28 Jun 2022

Block defects leave Longford mum’s home ‘crumbling’

Government under fire: Family may have to knock six bedroom home over mica found in building blocks

Mica home

Some of the visible cracks on the outer gable of the Doherty family home which is believed to have been caused by high concentrations of mica in the property's outer cavity walls

A Longford mother of four living in Donegal has spoken of how she and her husband may have to bulldose their €400,000 home because of defective concrete blocks.

Mary Doherty, who is the sister to former Longford county councillor Padraig Loughrey, explained how gaping cracks caused by high levels of mineral mica have dotted up throughout their spacious six bedroom property.

The Killoe native said while she was fully intent on exhausting every avenue to save the couple’s family home, the situation is becoming more and more stark with each passing week.

“We know it is crumbling,” said the mother of four.

“I don’t want to demolish our home and we won’t know where exactly we stand until we get it tested.”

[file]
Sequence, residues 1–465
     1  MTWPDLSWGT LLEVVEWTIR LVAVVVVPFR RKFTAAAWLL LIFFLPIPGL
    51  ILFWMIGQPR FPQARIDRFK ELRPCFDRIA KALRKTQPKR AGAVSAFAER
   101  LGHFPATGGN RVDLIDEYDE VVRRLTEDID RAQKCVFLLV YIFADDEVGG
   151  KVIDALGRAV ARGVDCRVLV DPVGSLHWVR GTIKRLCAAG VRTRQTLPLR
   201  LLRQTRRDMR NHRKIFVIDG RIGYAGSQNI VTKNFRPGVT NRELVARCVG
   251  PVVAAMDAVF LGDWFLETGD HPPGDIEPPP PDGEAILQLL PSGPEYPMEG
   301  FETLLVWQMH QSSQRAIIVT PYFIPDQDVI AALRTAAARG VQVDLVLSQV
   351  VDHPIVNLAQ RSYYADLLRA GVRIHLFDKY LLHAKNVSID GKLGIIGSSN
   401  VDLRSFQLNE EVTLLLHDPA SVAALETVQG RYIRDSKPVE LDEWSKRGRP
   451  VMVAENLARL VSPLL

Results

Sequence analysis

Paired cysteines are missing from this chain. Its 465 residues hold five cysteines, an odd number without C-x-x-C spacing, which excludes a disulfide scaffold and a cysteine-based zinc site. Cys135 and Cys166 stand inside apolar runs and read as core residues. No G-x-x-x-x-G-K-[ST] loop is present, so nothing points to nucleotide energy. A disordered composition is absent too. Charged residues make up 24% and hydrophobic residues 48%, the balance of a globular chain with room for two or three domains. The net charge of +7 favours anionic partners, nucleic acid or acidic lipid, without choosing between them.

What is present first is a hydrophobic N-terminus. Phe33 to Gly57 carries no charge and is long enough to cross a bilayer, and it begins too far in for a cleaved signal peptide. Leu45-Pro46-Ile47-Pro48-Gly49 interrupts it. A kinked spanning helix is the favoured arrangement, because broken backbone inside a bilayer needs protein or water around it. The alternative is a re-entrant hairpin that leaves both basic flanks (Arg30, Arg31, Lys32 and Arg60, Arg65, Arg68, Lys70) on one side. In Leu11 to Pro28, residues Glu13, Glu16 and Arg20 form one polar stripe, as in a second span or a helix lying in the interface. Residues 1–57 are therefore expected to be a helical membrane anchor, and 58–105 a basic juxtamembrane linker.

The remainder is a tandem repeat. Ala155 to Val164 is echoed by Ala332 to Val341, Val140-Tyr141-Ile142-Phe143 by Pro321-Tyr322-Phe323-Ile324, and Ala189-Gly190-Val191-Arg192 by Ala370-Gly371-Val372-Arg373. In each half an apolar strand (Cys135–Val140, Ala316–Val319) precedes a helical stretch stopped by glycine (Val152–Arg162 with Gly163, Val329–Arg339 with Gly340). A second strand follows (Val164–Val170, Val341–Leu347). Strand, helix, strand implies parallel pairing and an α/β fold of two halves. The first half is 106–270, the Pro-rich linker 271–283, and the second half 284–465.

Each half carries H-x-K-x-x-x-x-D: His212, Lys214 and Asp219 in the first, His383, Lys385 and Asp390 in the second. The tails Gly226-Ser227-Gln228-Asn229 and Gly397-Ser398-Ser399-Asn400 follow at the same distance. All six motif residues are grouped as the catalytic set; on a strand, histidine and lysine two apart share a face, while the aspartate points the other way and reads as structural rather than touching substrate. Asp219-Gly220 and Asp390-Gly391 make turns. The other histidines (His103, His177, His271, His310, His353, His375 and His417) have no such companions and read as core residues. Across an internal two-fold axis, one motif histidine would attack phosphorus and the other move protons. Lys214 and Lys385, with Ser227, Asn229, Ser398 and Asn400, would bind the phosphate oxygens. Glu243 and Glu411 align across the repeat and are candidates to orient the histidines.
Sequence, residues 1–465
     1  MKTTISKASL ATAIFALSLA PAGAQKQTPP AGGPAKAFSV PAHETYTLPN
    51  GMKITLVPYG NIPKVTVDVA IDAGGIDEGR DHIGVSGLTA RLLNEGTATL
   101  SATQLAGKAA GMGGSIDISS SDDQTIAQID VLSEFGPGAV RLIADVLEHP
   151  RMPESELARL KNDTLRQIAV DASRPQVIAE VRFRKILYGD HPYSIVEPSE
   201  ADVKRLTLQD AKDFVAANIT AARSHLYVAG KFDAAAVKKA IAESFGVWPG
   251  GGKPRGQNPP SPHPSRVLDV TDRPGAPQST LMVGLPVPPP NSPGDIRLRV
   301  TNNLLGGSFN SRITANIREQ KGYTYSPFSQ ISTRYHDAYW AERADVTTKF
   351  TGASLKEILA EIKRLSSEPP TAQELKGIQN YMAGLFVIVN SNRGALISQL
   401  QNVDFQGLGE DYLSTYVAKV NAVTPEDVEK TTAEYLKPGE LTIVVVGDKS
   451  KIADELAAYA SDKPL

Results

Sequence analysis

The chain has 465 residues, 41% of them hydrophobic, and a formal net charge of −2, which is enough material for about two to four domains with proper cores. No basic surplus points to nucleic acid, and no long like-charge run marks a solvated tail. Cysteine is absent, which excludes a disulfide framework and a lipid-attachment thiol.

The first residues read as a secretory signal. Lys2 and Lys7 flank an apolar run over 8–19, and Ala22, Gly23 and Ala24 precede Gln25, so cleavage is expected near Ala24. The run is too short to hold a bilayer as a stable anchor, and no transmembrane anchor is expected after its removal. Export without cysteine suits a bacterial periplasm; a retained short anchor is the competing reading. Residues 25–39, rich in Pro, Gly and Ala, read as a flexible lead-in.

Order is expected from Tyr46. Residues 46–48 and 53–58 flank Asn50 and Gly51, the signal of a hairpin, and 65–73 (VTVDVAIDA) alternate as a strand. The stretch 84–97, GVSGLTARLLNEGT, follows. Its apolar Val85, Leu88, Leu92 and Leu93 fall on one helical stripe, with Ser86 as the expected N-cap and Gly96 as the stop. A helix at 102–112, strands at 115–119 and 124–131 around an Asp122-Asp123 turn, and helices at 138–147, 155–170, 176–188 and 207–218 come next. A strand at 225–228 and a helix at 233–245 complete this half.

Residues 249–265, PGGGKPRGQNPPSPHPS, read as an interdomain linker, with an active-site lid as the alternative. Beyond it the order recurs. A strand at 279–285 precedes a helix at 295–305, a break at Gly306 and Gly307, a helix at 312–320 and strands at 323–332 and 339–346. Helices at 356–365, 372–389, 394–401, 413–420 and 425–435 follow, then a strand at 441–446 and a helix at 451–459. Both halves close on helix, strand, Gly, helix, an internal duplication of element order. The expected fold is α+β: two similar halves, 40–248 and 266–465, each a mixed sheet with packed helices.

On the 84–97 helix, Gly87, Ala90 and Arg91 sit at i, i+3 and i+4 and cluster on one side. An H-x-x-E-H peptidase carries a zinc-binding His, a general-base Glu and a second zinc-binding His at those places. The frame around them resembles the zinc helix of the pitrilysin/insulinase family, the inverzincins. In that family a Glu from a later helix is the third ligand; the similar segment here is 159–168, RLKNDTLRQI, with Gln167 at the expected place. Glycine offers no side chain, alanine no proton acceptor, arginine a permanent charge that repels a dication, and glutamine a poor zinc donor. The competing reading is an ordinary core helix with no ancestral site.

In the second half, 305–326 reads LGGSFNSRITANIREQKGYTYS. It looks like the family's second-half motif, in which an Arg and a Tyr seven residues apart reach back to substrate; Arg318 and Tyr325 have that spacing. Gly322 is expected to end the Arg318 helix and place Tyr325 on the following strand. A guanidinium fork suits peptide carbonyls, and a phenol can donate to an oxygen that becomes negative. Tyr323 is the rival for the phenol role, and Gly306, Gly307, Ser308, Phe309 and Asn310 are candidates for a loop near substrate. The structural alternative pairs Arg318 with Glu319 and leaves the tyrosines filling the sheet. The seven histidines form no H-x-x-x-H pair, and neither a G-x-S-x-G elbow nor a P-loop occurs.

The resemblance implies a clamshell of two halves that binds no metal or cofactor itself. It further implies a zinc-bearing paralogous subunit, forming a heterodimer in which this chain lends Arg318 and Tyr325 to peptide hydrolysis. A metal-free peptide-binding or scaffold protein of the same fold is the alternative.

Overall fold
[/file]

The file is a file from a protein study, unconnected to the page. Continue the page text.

The results of those findings are not expected to become known until next week when a full engineering survey is carried out on the family home.

Mary said the plight facing her, whatever the results, is one she and her husband Kevin are fully braced for.

“We came home in 2006 from Chicago and the cracks gradually started appearing,” she recalled.

“We do have a solid insulation with concrete foundations which could help us and mean we possibly might get away with replacing the outer lead of the house.”

Mary said the “big elephant in the room” remained the fact the family home was stationed on upstairs bison concrete slabs.

In a bid to highlight their plight, Mary joined up to 2,000 people in Buncrana at the weekend in a protest which she contended should have garnered greater national attention.

“It’s beggars belief as to why the national media hasn’t publicised this more,” she said.

“It took a lot for me and my neighbours to go and stand out.

“As it stands NPHET (National Public Health Emergency Team) are telling people to stay home because it’s not safe, but we had to go out and protest because our homes are not safe.”

She said the current €20m redress scheme made available to homeowners affected by pyrite in Mayo and Mica in Donegal is “not fit for purpose” under its current guise.

“They are saying it’s 90pc (local authority funded) to 10pc (homeowner funded) but we would be at least €100,000 out and not able to rebuild the home we have if we had to demolish it.”

The Department of Housing, which oversees the scheme, says it is aware of issues raised by groups in Mayo and Donegal but that it is too early to review the scheme at this stage.

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